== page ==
This sequel was never going to recapture the magic of the first, but it benefits from a cast and crew giving it their all. None more so than Wes Craven, either. He directed the hell out of Scream 2, successfully one-upping the original’s setpieces with four of the very best moments in slasher history. Sarah Michelle Gellar’s ill-fated sober sorority sister is a pitch-perfect marriage of tension and suspense: We know Gellar is a goner, but Craven toys with expectations in a such a way that we’re left wondering how it’s going to happen. Next up is Sidney’s dance rehearsal, in which a brazen GhostFace takes to the stage, stalking her amongst a group of background dancers. The moment leaves Sidney questioning her sanity while making audiences wonder whether or not she’s lost her grip on reality. Then there’s the pursuit of Gale through the campus’ television laboratory: lean, mean and suspenseful – every slasher should aspire to have a chase this perfectly orchestrated. Finally, we find an unconscious GhostFace behind the wheel of a crashed police car, forcing Sidney to crawl over his lap to escape. This franchise’s formula might’ve been settling like cement at this point, but Craven and Williamson smartly circumvented the familiarity by playing to their strengths: putting these engaging characters through as much funhouse-style carnage as they could take. And to that end, Scream 2 succeeds perfectly.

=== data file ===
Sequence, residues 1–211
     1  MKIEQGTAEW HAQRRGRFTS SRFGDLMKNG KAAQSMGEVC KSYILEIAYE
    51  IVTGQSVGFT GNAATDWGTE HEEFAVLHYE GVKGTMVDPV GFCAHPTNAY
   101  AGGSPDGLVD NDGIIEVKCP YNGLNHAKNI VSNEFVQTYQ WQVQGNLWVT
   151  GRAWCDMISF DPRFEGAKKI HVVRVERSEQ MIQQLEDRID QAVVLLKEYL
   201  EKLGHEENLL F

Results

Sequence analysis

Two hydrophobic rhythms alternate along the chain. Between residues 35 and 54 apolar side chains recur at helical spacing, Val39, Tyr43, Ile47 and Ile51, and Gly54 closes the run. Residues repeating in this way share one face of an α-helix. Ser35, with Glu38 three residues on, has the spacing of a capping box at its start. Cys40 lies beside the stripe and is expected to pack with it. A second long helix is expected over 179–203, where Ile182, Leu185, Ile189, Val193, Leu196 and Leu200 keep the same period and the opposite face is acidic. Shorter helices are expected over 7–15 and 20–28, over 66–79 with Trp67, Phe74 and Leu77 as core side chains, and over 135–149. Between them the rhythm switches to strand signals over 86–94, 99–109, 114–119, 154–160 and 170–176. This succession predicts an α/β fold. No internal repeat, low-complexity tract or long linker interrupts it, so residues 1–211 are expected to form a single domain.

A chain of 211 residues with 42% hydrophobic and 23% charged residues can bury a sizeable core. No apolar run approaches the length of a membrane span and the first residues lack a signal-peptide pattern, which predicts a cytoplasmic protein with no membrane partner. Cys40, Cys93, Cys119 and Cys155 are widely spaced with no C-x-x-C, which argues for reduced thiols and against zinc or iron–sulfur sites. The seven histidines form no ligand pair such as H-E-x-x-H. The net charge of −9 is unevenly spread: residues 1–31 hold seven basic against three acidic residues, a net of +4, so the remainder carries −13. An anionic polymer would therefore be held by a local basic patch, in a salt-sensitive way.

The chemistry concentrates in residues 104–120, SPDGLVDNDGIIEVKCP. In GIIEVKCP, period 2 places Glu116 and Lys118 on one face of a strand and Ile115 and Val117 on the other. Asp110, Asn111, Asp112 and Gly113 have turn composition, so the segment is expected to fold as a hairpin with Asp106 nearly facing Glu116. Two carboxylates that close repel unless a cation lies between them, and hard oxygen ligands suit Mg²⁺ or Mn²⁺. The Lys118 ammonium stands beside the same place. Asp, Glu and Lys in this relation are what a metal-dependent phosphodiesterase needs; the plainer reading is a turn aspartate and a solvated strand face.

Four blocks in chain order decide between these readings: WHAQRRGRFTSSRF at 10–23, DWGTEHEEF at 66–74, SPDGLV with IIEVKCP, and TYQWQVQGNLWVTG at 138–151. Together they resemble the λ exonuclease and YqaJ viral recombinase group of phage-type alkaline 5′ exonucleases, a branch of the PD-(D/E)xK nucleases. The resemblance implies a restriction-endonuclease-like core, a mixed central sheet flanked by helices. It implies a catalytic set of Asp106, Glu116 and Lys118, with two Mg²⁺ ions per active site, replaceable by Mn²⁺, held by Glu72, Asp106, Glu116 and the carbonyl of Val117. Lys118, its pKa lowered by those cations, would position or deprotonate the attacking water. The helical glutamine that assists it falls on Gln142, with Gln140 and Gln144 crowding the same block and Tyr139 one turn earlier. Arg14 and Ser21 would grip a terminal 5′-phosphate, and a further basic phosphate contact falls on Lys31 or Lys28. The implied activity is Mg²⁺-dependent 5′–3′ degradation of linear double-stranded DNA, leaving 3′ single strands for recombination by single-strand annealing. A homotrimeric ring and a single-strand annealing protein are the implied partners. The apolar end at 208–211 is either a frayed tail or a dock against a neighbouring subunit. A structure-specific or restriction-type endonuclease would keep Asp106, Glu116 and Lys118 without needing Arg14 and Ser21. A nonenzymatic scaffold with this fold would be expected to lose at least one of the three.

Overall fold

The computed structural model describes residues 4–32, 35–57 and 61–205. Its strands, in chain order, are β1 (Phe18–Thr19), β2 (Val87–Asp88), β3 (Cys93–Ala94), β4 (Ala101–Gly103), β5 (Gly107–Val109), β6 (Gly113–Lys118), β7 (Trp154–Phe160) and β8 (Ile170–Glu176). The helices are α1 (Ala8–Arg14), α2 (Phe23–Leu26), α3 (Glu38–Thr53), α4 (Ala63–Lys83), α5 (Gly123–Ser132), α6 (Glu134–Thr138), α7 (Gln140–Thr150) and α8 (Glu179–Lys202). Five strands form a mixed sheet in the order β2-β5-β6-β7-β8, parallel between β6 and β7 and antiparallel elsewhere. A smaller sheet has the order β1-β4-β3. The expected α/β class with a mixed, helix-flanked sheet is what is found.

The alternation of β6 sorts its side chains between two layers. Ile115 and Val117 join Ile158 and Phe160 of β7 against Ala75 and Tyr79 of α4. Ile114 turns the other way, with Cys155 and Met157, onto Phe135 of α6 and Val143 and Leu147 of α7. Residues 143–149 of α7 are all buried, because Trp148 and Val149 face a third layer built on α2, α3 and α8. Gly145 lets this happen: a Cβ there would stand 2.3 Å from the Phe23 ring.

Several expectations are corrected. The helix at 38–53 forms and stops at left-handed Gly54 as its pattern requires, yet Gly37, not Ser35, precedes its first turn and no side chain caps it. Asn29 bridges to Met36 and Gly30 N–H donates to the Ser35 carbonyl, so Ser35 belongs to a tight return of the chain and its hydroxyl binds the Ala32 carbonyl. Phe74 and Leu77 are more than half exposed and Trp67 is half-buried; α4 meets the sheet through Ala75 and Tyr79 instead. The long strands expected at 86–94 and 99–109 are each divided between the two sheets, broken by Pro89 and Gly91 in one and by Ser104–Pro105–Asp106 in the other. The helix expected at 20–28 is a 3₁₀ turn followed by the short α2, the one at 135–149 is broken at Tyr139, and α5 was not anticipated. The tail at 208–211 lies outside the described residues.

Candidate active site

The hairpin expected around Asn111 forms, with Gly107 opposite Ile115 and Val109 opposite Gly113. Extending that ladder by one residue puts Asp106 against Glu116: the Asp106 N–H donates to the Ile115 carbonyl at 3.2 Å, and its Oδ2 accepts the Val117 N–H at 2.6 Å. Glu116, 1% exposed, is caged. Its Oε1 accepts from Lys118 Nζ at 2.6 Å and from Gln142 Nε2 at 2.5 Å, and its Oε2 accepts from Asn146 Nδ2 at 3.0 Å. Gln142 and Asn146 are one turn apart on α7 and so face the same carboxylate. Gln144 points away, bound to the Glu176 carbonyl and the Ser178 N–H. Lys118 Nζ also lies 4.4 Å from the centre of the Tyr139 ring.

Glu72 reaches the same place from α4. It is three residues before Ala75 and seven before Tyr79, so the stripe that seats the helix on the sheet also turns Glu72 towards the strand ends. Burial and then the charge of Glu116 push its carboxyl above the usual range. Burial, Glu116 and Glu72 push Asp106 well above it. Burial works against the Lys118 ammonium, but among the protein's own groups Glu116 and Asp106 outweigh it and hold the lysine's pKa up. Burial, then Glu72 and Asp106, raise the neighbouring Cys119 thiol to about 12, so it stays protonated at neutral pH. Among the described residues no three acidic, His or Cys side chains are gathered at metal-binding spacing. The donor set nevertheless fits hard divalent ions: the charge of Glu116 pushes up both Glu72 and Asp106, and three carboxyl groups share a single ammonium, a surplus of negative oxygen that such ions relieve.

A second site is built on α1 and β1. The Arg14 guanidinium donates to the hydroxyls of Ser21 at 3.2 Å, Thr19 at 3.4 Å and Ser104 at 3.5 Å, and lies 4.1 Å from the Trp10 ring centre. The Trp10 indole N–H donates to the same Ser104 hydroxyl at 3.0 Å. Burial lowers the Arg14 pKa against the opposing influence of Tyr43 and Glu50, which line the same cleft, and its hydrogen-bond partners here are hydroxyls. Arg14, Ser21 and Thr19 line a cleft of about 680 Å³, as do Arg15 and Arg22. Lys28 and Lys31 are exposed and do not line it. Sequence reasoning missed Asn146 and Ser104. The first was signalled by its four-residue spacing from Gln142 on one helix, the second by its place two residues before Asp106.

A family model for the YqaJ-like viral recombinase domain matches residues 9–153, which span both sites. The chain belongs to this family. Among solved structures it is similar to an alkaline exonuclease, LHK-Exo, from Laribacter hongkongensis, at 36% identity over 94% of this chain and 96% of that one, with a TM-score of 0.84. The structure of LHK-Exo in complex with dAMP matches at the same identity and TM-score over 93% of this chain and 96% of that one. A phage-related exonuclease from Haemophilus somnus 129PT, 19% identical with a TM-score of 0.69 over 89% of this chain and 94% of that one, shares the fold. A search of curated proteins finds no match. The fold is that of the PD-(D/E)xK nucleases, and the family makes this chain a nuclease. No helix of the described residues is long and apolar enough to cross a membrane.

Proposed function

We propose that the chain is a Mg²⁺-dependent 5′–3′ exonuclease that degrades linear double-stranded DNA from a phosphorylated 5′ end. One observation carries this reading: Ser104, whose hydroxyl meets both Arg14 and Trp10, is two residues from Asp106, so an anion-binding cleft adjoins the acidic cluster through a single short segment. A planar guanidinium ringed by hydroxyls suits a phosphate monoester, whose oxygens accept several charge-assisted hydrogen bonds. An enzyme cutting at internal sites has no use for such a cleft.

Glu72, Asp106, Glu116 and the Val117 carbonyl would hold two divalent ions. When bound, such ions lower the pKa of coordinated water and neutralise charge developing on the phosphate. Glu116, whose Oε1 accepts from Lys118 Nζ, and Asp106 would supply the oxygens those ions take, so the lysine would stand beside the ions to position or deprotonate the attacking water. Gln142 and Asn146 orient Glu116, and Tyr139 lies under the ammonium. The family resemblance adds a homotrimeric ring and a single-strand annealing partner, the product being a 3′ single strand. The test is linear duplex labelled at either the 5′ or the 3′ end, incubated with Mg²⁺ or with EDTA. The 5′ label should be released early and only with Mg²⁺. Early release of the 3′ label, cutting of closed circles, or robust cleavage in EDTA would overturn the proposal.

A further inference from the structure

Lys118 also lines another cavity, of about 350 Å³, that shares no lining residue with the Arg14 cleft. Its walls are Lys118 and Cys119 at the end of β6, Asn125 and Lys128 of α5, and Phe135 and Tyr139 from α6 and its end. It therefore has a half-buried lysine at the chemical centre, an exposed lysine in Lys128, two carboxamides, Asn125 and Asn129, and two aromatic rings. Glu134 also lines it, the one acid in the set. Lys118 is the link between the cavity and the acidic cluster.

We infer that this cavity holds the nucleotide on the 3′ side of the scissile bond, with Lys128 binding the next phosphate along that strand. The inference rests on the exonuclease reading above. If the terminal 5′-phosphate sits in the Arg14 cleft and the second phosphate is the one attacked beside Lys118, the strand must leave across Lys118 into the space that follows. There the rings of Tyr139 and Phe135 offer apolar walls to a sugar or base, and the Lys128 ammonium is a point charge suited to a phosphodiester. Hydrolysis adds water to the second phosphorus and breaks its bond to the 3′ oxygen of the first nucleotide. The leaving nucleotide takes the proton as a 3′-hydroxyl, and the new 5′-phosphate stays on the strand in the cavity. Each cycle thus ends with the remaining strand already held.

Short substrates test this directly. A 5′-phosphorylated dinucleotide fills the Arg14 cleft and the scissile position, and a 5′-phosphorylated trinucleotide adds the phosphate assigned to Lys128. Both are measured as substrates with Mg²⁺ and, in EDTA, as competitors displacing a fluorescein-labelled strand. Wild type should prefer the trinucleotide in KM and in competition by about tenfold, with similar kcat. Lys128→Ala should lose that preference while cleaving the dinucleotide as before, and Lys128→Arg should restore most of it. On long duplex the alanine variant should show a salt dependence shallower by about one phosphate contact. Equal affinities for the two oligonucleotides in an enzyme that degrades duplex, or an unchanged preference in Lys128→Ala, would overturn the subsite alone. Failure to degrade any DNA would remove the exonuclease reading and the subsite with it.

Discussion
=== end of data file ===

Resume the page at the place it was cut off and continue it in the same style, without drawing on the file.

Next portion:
Audiences and critics once again ate it up. Opening on nearly double the amount of screens that hosted the original on December 12, 1997, the sequel took in nearly $33 million in its first three days, capping off at $101 million domestically. Nobody needed any more proof that horror was back with a vengeance, but Scream 2 (hot off the heels of another successful Williamson-penned slasher, I Know What You Did Last Summer) showed the industry this wasn’t simply a fluke.